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The Three Minute Interview…Samantha Leathers, Chartered Landscape Architect

Brief introduction, name, job title, location.

Samantha Leathers, Senior Associate and Chartered Landscape Architect, Bristol


When you were at school what did you want to be and why?

An interior designer or an architect because I loved creating schemes and drawing plans and diagrams… I did not know Landscape Architecture existed.


How did you get to be where you are today?

A careers advisor told me I could indeed be a designer, but with plants rather than just buildings or furniture, and I was fascinated… I also always loved being outside and exploring nature, so really it was a ‘no brainer’… to ‘design’ the ‘landscape’! Bingo!


What aspects of your job do you enjoy the most, and why?

Designing places…I love developing an idea, getting other people excited about it, and then seeing it become reality… I liken it to being ‘Alice in Wonderland’, walking into a dream; when you walk into the reality of your drawings once they are built on site!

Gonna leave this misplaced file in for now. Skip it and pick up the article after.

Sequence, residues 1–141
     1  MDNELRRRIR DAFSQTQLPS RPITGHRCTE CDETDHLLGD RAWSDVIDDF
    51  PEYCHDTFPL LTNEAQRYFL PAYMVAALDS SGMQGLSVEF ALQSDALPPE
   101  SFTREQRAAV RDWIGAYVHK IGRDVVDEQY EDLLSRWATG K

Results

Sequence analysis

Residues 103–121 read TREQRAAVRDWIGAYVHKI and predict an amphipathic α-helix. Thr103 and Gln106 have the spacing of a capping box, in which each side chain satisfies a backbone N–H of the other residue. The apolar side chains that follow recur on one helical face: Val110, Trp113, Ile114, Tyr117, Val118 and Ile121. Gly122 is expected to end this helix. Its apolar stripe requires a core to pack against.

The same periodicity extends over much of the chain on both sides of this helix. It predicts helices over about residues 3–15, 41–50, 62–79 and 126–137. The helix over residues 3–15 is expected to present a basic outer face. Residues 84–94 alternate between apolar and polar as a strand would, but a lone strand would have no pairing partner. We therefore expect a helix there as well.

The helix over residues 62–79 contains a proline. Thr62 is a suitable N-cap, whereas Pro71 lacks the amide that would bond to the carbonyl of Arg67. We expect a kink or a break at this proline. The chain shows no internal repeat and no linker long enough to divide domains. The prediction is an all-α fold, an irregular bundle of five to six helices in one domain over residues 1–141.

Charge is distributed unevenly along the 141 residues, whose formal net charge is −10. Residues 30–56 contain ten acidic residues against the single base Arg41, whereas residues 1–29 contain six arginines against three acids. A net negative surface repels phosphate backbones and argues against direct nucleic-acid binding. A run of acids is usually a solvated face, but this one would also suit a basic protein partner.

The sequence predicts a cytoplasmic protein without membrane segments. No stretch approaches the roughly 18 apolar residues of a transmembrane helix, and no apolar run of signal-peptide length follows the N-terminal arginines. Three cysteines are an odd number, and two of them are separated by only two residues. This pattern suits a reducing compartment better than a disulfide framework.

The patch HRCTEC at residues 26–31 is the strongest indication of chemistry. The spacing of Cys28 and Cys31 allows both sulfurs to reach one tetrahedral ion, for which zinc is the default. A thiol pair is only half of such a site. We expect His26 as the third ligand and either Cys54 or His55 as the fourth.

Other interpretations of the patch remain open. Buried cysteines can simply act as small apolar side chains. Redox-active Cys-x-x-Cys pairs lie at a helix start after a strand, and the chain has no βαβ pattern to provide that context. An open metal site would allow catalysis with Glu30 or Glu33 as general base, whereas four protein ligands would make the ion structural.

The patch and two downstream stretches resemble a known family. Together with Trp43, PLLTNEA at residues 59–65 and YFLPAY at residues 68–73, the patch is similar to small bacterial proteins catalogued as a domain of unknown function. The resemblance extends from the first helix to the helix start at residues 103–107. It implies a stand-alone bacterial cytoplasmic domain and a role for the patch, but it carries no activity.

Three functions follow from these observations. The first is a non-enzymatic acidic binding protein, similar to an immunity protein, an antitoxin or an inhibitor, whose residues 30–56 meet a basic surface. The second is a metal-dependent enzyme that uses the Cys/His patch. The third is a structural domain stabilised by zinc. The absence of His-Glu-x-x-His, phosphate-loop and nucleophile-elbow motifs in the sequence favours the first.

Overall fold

What is your proudest achievement?

Difficult one! – perhaps pioneering a new path membrane in a Deer Park in Cornwall – it had never been used in the UK before and I convinced the Client to install it across a vast network of trails because low visual impact and durability was really important.. and now, years later, people have told me that they really enjoy using the path – on horses, bicycles and on foot – just as it was intended.